The city of Federal Way may have to find ways to tighten its belt as it prepares for the 2019-20 biennium budget.
Finance director Ade Ariwoola told the City Council on Tuesday night that the city may be looking at a million-dollar deficit for 2019 as expenses continue to rise.
The potential cost increases the city faces in 2019 include a 15 percent hike in health insurance costs; pay increases resulting from contract negotiations with the Teamsters and Guild unions; and the hiring of five new police officers later this year.
Last fall, the city was awarded a COPS grant to help pay for the salaries of five new officers. The city must cover about 40 percent of the officers’ pay (about $200,000 a year) for the three-year life of the grant. After that, the city will need to pay the full cost of the salaries, or about $500,000.
Earlier this year, the council authorized the borrowing of $300,000 from reserves to cover an approximately $850,000 shortfall.
“If we are using the fund balance to balance 2018, there is a very good chance we will have to borrow money again to balance 2019,” Ariwoola told the council.
In order to pay back the money that is being borrowed from reserves, the City Council on March 20 voted 5-2 to impose a 7.75-percent utility tax on Lakehaven Water and Sewer District customers. Lakehaven has filed a lawsuit challenging the city’s authority to collect the tax.
Mayor Jim Ferrell told the City Council on Tuesday that the proposed budget he presents on Sept. 4 will be balanced and will not rely on the city’s reserves.
“My budget will not call for dipping into (reserves at) a million dollars per year in (2019-2020) just because we already have that $300,000 out,” he said. “We need to cinch up our belt. We will find it.”
Councilmember Dini Duclos said the city needs to find ways to increase revenue aside from increasing taxes.
“We can’t continue to cut, cut, cut, because we won’t be able to protect our citizens,” she said. “We won’t be able to provide the services they want. We might have to close our parks because we can’t maintain them, so we really need to sit down and strategize about the revenues in the city. It is just like any business. We can’t continue to operate in a deficit or we will go bankrupt.”
Duclos said she would like to see the council meet with the business community to come up with ways to garner more businesses and revenue streams for the city.
Councilmember Martin Moore said he wants to engage the community in the budget process so that there are no surprises when the council votes on the budget later this year.
“That vote that took place on the utility tax taught me that we can always do a better job of getting the public engaged, on utilizing technologies and getting to the public,” Moore said, referring to the more than 200 people who packed council chambers for the vote on the utility tax.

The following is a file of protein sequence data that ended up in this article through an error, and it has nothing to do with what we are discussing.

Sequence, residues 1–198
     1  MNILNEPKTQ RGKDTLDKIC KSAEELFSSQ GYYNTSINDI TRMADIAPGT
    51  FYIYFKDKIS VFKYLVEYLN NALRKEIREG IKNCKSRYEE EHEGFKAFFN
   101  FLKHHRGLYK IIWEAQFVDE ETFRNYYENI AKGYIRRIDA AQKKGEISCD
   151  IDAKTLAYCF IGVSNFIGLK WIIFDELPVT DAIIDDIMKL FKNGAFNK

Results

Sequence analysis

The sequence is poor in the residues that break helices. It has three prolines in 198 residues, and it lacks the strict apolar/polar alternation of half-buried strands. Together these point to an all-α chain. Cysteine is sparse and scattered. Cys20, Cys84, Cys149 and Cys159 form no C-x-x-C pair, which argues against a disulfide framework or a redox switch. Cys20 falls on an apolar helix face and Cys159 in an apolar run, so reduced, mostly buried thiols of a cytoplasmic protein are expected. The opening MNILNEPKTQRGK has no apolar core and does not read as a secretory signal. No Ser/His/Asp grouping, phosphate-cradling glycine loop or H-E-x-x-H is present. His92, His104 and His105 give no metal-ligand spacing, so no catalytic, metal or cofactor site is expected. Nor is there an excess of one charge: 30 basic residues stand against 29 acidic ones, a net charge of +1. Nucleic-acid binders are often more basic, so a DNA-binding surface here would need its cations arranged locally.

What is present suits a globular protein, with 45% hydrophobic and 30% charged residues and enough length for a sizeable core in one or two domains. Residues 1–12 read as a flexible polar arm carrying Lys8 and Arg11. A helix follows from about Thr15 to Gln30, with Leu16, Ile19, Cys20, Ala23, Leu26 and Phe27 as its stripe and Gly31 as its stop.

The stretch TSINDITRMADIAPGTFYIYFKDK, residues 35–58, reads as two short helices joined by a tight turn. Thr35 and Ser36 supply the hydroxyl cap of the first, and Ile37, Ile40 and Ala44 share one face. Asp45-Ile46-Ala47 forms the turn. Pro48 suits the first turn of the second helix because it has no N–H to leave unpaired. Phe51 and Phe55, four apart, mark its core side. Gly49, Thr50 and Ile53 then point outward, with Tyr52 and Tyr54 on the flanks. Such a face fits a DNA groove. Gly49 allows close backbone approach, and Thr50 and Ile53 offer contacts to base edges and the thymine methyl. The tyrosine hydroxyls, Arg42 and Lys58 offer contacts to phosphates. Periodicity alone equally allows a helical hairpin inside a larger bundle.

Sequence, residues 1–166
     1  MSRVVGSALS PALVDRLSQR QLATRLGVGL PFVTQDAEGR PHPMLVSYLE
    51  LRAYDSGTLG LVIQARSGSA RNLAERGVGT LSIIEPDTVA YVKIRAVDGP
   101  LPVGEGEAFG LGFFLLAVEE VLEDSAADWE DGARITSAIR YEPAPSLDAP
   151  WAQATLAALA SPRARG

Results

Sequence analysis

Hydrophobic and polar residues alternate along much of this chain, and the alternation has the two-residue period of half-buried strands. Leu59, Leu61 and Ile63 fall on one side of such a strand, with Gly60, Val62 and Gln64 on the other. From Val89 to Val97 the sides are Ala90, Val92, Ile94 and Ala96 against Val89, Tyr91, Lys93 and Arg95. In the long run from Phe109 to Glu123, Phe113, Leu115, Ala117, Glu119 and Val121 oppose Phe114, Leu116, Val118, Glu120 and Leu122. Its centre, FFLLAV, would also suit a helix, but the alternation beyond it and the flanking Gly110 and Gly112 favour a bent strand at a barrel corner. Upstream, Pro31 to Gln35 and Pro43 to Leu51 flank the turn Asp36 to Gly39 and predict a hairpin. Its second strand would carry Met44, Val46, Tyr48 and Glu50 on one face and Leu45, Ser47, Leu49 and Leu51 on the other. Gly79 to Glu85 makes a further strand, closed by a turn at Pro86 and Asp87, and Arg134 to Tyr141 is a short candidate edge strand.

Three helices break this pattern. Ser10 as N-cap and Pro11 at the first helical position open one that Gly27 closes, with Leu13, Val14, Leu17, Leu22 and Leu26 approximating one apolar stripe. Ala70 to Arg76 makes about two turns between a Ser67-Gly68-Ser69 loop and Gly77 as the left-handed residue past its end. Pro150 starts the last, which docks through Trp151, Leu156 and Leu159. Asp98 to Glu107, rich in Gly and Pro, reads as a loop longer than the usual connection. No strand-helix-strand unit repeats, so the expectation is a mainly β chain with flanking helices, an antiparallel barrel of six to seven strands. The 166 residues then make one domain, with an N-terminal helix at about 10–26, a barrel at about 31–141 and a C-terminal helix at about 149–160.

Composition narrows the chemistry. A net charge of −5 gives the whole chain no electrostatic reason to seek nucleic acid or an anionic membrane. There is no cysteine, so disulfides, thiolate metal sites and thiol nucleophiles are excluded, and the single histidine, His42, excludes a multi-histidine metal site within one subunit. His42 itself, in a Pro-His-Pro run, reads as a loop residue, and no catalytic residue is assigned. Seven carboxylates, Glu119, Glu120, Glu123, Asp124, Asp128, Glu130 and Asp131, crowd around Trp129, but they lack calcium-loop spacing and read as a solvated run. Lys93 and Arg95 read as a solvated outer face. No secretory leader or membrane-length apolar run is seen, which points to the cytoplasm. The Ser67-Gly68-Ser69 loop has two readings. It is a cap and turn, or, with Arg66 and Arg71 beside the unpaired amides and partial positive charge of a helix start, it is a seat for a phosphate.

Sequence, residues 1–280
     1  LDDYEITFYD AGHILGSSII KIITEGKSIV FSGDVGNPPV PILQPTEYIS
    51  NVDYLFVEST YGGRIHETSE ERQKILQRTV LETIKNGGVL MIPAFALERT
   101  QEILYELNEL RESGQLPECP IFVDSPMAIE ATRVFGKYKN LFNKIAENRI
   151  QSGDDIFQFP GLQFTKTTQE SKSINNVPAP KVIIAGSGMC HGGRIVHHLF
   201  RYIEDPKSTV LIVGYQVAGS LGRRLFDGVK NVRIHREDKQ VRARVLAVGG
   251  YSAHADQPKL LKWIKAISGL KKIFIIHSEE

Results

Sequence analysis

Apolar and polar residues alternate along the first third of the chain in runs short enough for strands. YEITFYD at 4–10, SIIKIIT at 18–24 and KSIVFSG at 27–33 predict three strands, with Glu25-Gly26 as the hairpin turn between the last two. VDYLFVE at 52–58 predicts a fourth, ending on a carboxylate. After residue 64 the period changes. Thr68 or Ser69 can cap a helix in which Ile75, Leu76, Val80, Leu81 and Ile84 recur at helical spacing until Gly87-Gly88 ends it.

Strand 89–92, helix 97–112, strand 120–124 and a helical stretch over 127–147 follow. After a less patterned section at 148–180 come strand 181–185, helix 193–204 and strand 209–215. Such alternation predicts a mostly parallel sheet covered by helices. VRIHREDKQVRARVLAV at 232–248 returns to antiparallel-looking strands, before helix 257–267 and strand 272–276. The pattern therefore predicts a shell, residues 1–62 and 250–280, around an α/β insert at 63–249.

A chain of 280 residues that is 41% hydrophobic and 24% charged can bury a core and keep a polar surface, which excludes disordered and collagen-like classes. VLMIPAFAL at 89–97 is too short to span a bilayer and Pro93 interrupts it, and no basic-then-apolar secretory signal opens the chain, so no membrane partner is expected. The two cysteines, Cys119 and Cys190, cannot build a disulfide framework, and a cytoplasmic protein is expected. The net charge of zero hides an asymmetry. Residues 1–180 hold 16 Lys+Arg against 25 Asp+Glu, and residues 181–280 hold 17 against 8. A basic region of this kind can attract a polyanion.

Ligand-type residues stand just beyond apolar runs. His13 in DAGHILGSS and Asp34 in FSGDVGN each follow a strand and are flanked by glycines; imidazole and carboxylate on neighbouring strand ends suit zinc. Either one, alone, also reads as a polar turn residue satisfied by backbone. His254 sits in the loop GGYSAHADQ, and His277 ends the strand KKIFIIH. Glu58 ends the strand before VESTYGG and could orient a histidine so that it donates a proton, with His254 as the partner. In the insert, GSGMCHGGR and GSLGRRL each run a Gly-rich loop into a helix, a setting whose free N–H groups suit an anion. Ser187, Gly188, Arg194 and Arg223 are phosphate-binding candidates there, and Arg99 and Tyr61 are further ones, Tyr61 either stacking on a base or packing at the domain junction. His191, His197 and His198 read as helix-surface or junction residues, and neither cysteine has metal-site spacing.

Moore said he would like the city to host town hall meetings about the budget.
“I think there is value in that,” he said. “I know in the city of Kent, the mayor is taking her budget on the road and is talking about that and getting information out on that issue.”
The city has scheduled a special meeting to discuss the budget at 5 p.m. Tuesday, May 29, in City Council Chambers at City Hall, 33325 Eighth Ave. S.
Other budget meetings are set for:
• 5:30 p.m. Tuesday, June 5, special meeting (prior to regular meeting): Budget discussion/presentation – capital replacement
• 5:30 p.m. Wednesday, June 20, special meeting: Budget discussion/presentation – budget goal setting
• 7 p.m. Tuesday, Sept. 4, regular meeting: Mayor presents proposed biennial budget to council
• 5:30 p.m. Wednesday, Sept. 26, special meeting: Budget overview – revenue and expenditure projections and department presentations from Community Development, Public Works and Parks
• 5:30 p.m. Thursday, Sept. 27, special meeting: Department presentations from Municipal Court, Human Resources, City Clerk, Economic Development, Law, Police and Finance
• 5:30 p.m. Tuesday, Oct. 2, special meeting (prior to regular meeting): Department presentations by the council, Mayor’s Office, IT and Emergency Management; council deliberations
• 7 p.m. Tuesday, Oct. 16, regular meeting: Public hearing (required by RCW 35A.34) to consider the 2019-2020 biennial budget/property tax levy
• 6 p.m. Tuesday, Oct. 23, special meeting (if needed): Continue council deliberations
• 6 p.m. Tuesday, Oct. 30, special meeting (if needed): Continue council deliberations
• 7 p.m. Tuesday, Nov. 6, regular meeting: Public hearing continued from Oct. 16 (required by RCW 35A.34); introduction of ordinance for 2019-2020 biennial budget; introduction of ordinance for 2019 property tax levy
• 7 p.m. Tuesday, Nov. 20, regular meeting: Enactment of ordinance for 2019-2020 biennial budget; enactment of ordinance for 2019 property tax levy; resolution for 2019 fee schedule
All meetings are at City Hall. Public comment will be taken at each meeting.